A successful foray into the Tar Heel State — already targeted by The Kroger Co., Publix Inc. and others — would serve as a jumping off point for Wegmans into other areas of the southeast, said Burt Flickinger, a retail analyst and managing director of the Strategic Resource Group.
“There is still a huge opportunity,” he said. “Wegmans could double the current size of its corporate sales just by filling out the region between Virginia, the Carolinas, into Tennessee and Georgia and north Florida.”
Bankruptcies by a number of grocers serving that area of the country have opened the door for Wegmans and others.
Wegmans has confirmed that it is “considering multiple sites” in the Raleigh-Durham area but declined to share further details.
“Until there are firm deals for each site, we are unable to share the locations or other details,” Wegmans’ spokeswoman Jo Natale said in a written statement. “North Carolina is seeing continued growth, and we have been able to identify multiple sites in the Raleigh/Durham area that met all of our criteria.”
The Raleigh-Durham area, commonly known as the Research Triangle, is a growing area of the state and home to the University of North Carolina at Chapel Hill, North Carolina State University and Duke University. There are about 2 million people living there, according to 2014 census records. The median annual household income is about $56,600, about $5,000 more than the Rochester metro area.
But Wegmans isn’t the only grocer that has spotted an opportunity in North Carolina.
Kroger already runs 160 stores in the state. Publix has 14 stores and plans to open another 20 stores there through 2017.
Publix also is working on 10 stores in Virginia. Meanwhile, Wegmans has scheduled to open its 10th store in that state on Sunday in Short Pump, about 15 miles northwest of Richmond.
Kroger reported sales of $109.8 billion last year. Publix did $32.4 billion. Wegmans had annual sales of $7.9 billion, the highest sales volume per store of the three. Publix has roughly 1,120 stores. Kroger operates nearly 2,800.
“It’s taken Wegmans 100 years just to get to about 90 stores,” said David Livingston, an industry analyst with DJL Research. “They don’t build them every three miles and in a short period of time. They are slow and methodical. Never in a hurry.”
He said Publix and Wegmans combined efforts would push out a number of under-performing grocers in North Carolina.
“They will use Publix as muscle to help drive out all the ineffectual competitors in North Carolina,” he said. “Food Lion, Lowes, Piggly Wiggly, Bi-Lo, The Fresh Market, and Earth Fare are just taking up space and appear to be low hanging fruit to be picked.”
Wegmans often receives praise for the quantity and quality of its products. Some stores carry as many as 70,000 items. However, it does struggle against some competitors when it comes to prices, Flickinger said.
Expansion into other areas would place added pressure on Wegmans to increase its philanthropic efforts in those communities to keep up with its competitors.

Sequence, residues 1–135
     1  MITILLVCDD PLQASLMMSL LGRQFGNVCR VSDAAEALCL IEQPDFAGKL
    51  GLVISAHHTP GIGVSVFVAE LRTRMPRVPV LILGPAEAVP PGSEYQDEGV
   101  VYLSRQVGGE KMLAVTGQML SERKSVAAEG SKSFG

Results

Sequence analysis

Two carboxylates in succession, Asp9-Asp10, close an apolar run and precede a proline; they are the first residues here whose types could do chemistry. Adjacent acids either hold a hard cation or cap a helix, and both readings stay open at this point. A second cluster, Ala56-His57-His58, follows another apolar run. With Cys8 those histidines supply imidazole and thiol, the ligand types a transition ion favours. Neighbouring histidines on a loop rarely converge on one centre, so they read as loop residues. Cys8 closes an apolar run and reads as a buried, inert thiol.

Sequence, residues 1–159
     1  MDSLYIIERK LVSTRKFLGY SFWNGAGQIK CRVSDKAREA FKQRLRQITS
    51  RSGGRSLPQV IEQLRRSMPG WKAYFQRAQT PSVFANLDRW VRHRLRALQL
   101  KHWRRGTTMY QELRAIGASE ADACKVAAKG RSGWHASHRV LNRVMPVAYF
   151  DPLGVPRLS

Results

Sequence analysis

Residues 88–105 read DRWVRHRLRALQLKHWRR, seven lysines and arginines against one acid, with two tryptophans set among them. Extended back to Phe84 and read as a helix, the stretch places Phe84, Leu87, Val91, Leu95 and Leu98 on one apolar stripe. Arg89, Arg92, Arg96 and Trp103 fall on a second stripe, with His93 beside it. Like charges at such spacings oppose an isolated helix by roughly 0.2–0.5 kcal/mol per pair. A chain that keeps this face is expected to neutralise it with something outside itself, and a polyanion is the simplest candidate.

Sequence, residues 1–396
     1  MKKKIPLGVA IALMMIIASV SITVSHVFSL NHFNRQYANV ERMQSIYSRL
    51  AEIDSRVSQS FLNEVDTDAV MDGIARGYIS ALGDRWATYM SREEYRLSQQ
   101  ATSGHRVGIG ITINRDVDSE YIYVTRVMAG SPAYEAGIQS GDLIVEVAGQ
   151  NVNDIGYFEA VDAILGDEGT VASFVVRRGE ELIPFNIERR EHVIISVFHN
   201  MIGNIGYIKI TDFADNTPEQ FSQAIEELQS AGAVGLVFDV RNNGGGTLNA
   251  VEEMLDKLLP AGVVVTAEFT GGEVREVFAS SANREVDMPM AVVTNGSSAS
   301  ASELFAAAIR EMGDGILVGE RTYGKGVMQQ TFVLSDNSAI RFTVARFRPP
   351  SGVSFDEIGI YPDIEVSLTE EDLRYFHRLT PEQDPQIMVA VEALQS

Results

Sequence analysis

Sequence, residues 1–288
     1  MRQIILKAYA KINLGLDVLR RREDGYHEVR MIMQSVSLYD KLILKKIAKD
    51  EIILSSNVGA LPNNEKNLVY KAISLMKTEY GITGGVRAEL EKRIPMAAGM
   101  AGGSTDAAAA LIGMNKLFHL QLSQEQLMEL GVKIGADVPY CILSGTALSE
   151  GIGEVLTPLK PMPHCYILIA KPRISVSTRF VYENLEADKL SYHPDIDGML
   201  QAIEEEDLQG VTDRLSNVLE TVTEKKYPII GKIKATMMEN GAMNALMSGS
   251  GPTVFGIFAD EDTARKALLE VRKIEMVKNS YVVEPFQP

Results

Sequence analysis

“If that model continues, then Wegmans will be more vulnerable to companies like Kroger and ShopRite,” Flickinger said. “When Wegmans goes toe-to-toe with Tops or toe-to-toe with Price Chopper or toe-to-toe with Stop and Shop in New England, Wegmans compares very favorably with very low prices.”
Wegmans first announced in January that it would open in Cary, North Carolina, just outside of Raleigh.
It has since filed paperwork to pursue a second store in that area, and is working to open new stores in Virginia, Maryland, New Jersey, Massachusetts, Pennsylvania and Brooklyn, New York. Wegmans also is in the midst of a major renovation project of its Perinton store, expected to be completed in early 2017.
It has yet to publicly reveal any other plans for local store renovations or new expansion efforts in other states. But the demand in other areas of the country is apparent with roughly 4,000 requests coming in last year from those wanting a new store in their communities. South Dakota and Mississippi were the only states that didn’t make such a request.
The Wegmans move into North Carolina comes after people started a Facebook group called “Bring Wegmans to the NC Triangle Area — please.” The page now has 811 members.
There also are many New York transplants living in the South, particularly in Publix’s home state of Florida. Those areas are seemingly fertile ground for a new store.
Then again, the family-run company doesn’t have to grow for the sake of growing. Publix is employee owned, Krogers and others have to answer to investors on Wall Street.
Livingston said Wegmans would likely add a few stores each year along its current footprint, taking personnel from its existing stores and moving them into leadership roles at the new site.
Rochester native Todd Strassner Sr. started as a meat clerk in 1981 with the company. He will be store manager of the Short Pump store.
Still, any plans by Wegmans to move further south would take several years — possibly decades — to complete and require additional training, staff and infrastructure.
Each new store employs anywhere from 500 to 550 people. Those stores typically range anywhere between 100,000 and 140,000 square feet.
Flickinger said Wegmans could have sales of about $20 billion by 2025 and “not stretch itself at all.”
“Wegmans — like the Union generals in the Civil War — doesn’t have to conquer every major market in the South,” he said.”(Wegmans could) have a meaningful share in any given market with only three to five stores.”